Studying with a disability should not be a minority cause. At Regent's, we have a very strong set of values including diversity, inclusion, mutual respect and good citizenship. Students are encouraged to look out for each other and, if they are experiencing difficulties, to talk to academic and support staff to help them better understand the challenges they face. We are a relatively small university with a family atmosphere and this helps everyone get to know each other.

It is up to universities and students themselves to help form a connection and find solutions.

Lecturers don't always have experience of disabilities and special needs, so it is up to universities and students themselves to help form a connection and find solutions that genuinely work in learning environments. Sharing individual experiences and continuous communication is vital.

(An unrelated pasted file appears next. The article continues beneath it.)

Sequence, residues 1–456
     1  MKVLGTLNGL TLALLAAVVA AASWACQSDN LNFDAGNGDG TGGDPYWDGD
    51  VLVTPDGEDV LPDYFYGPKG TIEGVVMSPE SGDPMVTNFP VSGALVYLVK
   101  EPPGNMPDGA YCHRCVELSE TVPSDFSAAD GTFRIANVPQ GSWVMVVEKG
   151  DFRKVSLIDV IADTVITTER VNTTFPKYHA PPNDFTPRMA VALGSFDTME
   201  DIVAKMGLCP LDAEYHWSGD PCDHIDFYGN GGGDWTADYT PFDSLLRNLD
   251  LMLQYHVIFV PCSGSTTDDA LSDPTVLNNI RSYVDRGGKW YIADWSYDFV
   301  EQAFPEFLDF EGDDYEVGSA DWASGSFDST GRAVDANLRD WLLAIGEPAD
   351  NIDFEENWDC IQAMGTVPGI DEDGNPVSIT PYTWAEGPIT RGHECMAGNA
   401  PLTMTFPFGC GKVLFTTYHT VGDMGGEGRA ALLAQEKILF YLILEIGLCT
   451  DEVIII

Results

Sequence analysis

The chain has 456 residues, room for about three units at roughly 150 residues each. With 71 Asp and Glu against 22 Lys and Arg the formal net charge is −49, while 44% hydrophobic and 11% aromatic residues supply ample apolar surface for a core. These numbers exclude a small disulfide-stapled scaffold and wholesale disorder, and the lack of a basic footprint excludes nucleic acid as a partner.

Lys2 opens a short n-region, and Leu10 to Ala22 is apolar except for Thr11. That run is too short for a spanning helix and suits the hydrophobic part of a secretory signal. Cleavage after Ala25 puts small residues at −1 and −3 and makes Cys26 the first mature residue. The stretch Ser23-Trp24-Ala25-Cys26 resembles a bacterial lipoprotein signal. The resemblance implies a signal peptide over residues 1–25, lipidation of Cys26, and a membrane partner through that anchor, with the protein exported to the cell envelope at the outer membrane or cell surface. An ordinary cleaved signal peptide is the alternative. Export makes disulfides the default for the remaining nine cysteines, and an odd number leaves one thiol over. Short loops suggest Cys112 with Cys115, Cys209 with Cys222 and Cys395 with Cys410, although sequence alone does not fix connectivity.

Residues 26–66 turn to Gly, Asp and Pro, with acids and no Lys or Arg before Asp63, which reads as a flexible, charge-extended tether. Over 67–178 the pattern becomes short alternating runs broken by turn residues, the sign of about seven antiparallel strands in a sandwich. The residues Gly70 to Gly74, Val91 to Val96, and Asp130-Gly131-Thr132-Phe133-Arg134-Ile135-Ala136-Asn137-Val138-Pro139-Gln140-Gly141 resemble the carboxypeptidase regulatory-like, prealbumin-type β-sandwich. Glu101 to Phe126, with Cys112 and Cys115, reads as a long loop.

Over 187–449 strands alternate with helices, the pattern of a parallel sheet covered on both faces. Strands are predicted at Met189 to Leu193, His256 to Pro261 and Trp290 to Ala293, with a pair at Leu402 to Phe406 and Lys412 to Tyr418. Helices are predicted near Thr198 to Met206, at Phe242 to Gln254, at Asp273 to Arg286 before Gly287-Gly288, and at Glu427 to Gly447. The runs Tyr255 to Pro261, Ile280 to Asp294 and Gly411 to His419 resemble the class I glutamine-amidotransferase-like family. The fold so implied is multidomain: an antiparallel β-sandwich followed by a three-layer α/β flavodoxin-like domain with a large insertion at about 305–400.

HuffPost UK Lifestyle has launched EveryBody, a new section calling for better equality and inclusivity for people living with disability and invisible illness. The aim is to empower those whose voices are not always heard and redefine attitudes to identity, lifestyle and ability in 2017. We'll be covering all manner of lifestyle topics - from health and fitness to dating, sex and relationships.

We'd love to hear your stories. To blog for the section, please email with the subject line 'EveryBody'. To flag any issues that are close to your heart, please email, again with the subject line 'EveryBody'.

Join in the conversation with #HPEveryBody on Twitter and Instagram.